Mala Meditation Beads & prayer beads

Mala Meditation Beads & Prayer beads 

 The exact origin of these universal prayer items is unknown but the earliest historical use of prayer beads can be traced back to Hindu prayers around 500BC in India. It is believed the prayer bead concept was probably invented by Buddhist followers and later borrowed by Hinduism before it made its way across the world. There is even a statue of a Hindu man holding beads that date back to the 3rd century BC.

 From India, the prayer beads concept spread to Middle East, Japan, and China. They were originally known in Hinduism religion and tradition as Japa Mala. Japa is basically the name of a deity or mantra while Mala means a wreath or garland.


In Greece, they are simply known as Worry beads due to their comforting and stress-relieving usage.

Recent evidence shows that prayer beads existed well before the times of Christ. There is a fresco picture discovered in Akrotiri of Santorini or ancient Thira which dates back to 1600 BC that depicts women holding a rope of prayer beads.


Prayer beads have been used by practitioners of Judaic religions, especially Catholics, for ages. In the early Catholic tradition, the beads were carved in the shape of roses, which gave rise to the name rosary.

 Buddhist prayer beads or Buddhist Mala Beads (Sanskrit: mālā “garland”) are a traditional spiritual device used by Hindi, Buddhist and Yoga spiritual practices.  Prayer Mala Bead Buddhist Necklace, are usually made of 108 beads.

 Why 108 beads?


Often the question arises as to why there 108 beads in a mala? What makes 108 so special?

The number 108 is considered highly auspicious in Buddhist and Hindu traditions. Although widespread in both Hinduism and Buddhism, the roots of 108 as a significant and sacred number are likely earlier. There is evidence that 108 was of special significance in Sumer, an ancient civilization seated along the Euphrates River in Mesopotamia over 5000 years ago. And, interestingly, the Sanskrit alphabet has 54 letters, with each having a masculine and feminine⎯shiva and shakti⎯form. Thus there are 108 forms in the Sanskrit alphabet.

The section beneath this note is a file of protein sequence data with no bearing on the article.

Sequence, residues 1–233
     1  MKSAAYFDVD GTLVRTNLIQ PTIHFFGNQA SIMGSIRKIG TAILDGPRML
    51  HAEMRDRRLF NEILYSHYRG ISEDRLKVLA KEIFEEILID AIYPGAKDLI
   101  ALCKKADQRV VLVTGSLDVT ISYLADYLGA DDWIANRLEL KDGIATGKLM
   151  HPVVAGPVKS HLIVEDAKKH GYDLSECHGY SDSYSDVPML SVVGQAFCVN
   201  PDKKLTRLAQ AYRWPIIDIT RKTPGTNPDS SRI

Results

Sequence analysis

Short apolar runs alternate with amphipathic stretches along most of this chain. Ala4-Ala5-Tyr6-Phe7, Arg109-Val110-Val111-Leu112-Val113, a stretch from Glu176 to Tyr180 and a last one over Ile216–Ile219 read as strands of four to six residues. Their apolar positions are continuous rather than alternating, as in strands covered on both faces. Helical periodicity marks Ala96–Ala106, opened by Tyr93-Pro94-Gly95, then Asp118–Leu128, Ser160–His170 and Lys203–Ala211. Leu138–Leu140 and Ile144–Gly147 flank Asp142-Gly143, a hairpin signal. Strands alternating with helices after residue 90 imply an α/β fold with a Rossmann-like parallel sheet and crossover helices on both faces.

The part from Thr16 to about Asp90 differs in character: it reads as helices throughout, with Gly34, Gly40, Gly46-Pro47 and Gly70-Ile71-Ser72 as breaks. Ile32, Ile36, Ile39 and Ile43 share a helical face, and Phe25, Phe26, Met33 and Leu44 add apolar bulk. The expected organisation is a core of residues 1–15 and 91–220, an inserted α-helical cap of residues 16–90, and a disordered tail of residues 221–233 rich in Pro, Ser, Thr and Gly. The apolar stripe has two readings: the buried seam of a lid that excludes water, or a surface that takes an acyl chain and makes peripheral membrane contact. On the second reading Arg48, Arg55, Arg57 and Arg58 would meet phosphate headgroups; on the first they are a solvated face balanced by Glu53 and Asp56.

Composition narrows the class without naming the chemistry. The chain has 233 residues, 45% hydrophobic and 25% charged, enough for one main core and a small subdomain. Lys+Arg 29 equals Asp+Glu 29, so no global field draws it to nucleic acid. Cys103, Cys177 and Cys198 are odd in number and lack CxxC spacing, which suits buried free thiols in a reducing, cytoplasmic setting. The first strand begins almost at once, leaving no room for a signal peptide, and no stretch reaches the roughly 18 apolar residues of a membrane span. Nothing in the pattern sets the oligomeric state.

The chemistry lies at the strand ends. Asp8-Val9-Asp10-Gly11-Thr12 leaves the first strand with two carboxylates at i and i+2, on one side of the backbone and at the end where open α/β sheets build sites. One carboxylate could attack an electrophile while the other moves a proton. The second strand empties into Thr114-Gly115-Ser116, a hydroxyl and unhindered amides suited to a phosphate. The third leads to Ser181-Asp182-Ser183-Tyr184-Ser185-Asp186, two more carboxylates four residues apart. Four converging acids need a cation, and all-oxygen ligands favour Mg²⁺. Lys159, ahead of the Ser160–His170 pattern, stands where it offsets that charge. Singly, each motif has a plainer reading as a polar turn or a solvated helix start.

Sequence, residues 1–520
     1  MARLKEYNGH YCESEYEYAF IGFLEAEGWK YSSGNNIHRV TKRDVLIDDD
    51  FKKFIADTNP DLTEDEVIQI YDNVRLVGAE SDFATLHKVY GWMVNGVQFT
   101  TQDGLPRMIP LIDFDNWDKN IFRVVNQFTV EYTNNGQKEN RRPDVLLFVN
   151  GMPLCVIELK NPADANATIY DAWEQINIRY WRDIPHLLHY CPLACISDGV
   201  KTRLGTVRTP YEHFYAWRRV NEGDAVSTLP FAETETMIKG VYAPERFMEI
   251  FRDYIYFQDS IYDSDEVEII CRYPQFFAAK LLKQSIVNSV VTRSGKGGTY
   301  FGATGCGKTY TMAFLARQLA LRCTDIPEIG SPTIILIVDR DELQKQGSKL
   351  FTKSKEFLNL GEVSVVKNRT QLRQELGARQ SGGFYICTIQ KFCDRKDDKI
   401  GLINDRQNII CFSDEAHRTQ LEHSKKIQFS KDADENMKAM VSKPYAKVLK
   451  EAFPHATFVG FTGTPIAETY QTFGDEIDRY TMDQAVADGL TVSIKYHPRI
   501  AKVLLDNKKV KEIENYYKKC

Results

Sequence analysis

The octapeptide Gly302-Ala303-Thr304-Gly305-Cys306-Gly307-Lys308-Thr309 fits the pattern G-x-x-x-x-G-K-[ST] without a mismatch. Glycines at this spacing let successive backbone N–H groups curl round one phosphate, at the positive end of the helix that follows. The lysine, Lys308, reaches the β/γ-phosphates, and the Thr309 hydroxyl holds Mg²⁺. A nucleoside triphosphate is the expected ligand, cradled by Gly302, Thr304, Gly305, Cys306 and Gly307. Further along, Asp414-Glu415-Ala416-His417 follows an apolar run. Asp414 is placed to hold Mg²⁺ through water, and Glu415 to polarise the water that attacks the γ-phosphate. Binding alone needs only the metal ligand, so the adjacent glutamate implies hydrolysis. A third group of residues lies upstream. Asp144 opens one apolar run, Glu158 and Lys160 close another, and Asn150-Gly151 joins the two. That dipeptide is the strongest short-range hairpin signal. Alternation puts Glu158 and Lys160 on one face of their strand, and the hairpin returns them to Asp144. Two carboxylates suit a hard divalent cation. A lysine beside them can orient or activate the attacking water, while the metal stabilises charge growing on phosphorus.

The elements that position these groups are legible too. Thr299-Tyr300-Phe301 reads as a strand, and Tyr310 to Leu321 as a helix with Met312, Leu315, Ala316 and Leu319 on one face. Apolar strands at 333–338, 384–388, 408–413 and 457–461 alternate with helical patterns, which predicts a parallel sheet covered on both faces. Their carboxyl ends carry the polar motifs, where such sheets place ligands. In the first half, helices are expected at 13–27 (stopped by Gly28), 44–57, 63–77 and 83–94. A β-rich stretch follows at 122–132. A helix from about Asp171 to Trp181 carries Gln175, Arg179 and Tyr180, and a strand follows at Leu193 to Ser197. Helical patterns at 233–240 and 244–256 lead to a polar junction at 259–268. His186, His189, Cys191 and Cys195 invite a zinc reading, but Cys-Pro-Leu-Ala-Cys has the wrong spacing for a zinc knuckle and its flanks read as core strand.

The chakra centres are where energy lines intersect, and there are said to be a 108 energy lines which meet to form the heart chakra. One of them, sushumna leads to the crown chakra, which is the path to self-realization and enlightenment.


As well, some say humans have 108 feelings; 36 related to the past, 36 related to the present, and 36 related to the future.


There are many possible explanations as to the origin and significance of 108, however, so far it does not appear that there are any texts from ancient times that explicitly outline the actual origins of the number. Thus there is no way to verify which, if any, of the hypotheses are in fact the true reason for the significance given to 108.


How Mala Beads help with Meditation

 Mala beads can help you with different aspects of meditation, which is commonly thought to link to a range of health benefits. Meditation can help reduce stress levels, improve sleep, and lower blood pressure, focus the mind, among other things.

 But meditation isn’t always easy. Many people find it hard, especially in the beginning, to keep their mind from wandering off. That’s where mala beads can help.

 Mala beads have the purpose of keeping you focused during meditation, and two ways a mala can help make meditation easier are: (1) The repetitive movement of your fingers across the beads helps ground you. (2) Touching each bead as you say a mantra helps you keep track of how many times you’ve repeated the mantra.


How to use Mala Beads in Meditation

You can use mala beads in a variety of ways during meditation, but breath control and mantra repetition are two good starting points.


Control your breath

Simply paying attention to your breathing can be a form of mediation. It’s helpful since you can do it anywhere. To use mala beads for controlling your breath:


Hold your mala with one hand.


Let it drape across your fingers so you can move it easily. Place two fingers around one of the beads next to the guru bead. Many people use their thumb and middle finger, as some religious traditions avoid using the index finger.


Complete one full breath (inhale and exhale).


Move your fingers to the next bead, breathing in and out once per bead.


Finish at the guru bead to complete 108 breaths.


If you want to do another round, just move your fingers in the opposite direction until you reach the guru bead again.


Repeat a mantra

A mantra is a phrase, word, or sound you can use to help focus your awareness during meditation. “Om” is a common one, but there are countless others.


You can also create your own mantra that feels reassuring or calming. For example your mantra might be “I am calm,” “I am safe,” or “I am loved.” The mantra you repeat can also vary depending on your current situation.


To use mala beads with a mantra, follow the same process as you would for controlling your breath. But instead of exhaling and inhaling at each bead, repeat your mantra. You can whisper it, say it in a loud, clear voice, or stick to a mental repetition — whatever feels best.

 Note: If 108 beads seems a little long for your needs, you can also find malas with 54 or 27 beads. Some full malas include beads of different shape after every 27th bead, and this can help you keep track of your repetitions while giving you the option of doing a shorter meditation with 27 or 54 beads.



Zurück zum Blog

Hinterlasse einen Kommentar

Bitte beachte, dass Kommentare vor der Veröffentlichung freigegeben werden müssen.